Q. How do I figure out which Medicare plan is right for me? I don't know if I should get a Medicare Advantage plan or a Medigap plan, or if I should just keep my original Medicare and do neither.
When you become eligible for Medicare you receive Part A, which covers certain hospitalization costs. If you want coverage for outpatient services, you should choose Part B as well. Even with Medicare A and B there are still “gaps” in coverage: for example, there is a 20% co-insurance fee for Part B services, and neither A nor B offer drug coverage. Most people choose to supplement their coverage with a retiree plan if their former employer offers it, or a “Medigap” plan, which plugs most of the holes in coverage (except medications). The rest, roughly 18%, choose a Medicare private health plan, called a Medicare Advantage Plan. These plans must offer at least the same benefits as original Medicare but have different rules, costs and coverage restrictions.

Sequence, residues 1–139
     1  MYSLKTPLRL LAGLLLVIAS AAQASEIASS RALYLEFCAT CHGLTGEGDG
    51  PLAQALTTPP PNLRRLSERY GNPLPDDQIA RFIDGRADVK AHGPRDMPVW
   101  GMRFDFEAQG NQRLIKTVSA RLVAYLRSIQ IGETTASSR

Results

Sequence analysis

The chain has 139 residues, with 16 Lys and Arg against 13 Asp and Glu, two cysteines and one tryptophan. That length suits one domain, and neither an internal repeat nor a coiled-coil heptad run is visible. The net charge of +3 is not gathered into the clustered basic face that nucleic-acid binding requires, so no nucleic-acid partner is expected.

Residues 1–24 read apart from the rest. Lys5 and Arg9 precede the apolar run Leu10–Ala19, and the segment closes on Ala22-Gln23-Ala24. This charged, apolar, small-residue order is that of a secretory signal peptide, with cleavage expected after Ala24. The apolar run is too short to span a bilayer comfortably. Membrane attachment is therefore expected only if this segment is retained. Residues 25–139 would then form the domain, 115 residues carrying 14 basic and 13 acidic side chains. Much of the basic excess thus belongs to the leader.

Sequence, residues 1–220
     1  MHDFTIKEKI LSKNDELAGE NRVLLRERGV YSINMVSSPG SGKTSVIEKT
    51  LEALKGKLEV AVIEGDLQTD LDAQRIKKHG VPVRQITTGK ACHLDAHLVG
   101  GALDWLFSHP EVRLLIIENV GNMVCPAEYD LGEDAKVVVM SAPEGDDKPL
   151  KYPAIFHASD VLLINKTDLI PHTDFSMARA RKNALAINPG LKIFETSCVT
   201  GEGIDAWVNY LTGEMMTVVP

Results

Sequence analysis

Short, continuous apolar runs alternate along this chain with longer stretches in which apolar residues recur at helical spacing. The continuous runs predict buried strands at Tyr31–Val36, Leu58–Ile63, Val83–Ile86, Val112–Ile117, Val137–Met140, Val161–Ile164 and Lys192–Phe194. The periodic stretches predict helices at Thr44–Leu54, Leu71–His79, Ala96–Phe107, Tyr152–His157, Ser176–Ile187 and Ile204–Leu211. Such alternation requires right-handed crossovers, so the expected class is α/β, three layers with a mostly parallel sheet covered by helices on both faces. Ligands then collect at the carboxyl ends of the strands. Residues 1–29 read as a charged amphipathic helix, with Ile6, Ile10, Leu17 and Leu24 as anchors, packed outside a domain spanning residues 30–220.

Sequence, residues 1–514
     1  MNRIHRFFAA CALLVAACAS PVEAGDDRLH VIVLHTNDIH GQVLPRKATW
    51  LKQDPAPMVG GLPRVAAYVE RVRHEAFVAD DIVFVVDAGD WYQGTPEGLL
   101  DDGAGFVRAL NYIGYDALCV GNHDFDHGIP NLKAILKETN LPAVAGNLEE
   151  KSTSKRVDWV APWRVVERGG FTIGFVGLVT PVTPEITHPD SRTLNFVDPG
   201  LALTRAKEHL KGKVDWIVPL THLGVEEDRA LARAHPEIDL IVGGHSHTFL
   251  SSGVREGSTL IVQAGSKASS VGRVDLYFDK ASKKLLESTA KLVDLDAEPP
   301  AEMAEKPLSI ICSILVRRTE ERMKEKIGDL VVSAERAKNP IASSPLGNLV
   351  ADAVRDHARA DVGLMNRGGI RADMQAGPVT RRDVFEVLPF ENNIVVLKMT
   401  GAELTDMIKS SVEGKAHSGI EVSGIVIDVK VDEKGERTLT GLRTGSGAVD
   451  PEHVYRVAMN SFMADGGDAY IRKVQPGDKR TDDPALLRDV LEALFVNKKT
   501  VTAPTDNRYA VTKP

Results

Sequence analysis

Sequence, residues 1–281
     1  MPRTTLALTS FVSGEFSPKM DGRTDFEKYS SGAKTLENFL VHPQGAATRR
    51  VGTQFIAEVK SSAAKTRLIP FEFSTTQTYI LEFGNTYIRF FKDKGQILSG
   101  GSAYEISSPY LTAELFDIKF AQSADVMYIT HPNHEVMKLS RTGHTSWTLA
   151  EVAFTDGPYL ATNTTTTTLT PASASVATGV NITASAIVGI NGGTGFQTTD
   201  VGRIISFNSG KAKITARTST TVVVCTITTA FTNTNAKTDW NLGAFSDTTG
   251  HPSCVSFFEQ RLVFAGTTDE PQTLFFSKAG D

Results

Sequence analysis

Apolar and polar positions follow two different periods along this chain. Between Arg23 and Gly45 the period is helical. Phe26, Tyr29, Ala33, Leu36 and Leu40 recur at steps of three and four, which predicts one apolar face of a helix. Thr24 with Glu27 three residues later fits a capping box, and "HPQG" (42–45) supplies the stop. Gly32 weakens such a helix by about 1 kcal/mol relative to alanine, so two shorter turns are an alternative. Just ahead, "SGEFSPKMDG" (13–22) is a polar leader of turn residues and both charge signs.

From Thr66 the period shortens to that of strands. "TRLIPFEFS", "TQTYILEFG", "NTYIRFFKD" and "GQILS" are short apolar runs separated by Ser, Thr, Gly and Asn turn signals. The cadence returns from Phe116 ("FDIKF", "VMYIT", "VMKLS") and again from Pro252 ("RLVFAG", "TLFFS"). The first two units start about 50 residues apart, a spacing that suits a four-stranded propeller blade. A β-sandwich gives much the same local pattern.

Medicare Advantage plans can be useful for those looking for all-in-one medical and drug coverage. However, Medicare Advantage HMOs restrict which doctors and hospitals you can use. An article in Kiplingers magazine sums up the differences well: “Medicare Advantage plans may charge lower premiums than you’d pay for Medicare plus a Medigap policy and Part D prescription-drug coverage. But you could end up paying higher out-of-pocket costs throughout the year. Some Medicare Advantage plans charge higher co-payments for big-ticket items such as hospitalization, or for critical services such as chemotherapy. Or they might not pay for the first 20 days in a skilled-nursing facility (which traditional Medicare covers). In addition, a plan may provide limited coverage if you travel out of state.” Please review this list of questions to ask before you join a Medicare Advantage plan.
Please note: A study of cancer patients by an affiliate of the University of Pittsburgh Cancer Institute suggests that members of Medicare Advantage HMO plans are opting out of clinical trials because these policies generally require that the patient pay 20% of the costs associated with a trial. In contrast, Medigap plans generally cover those costs.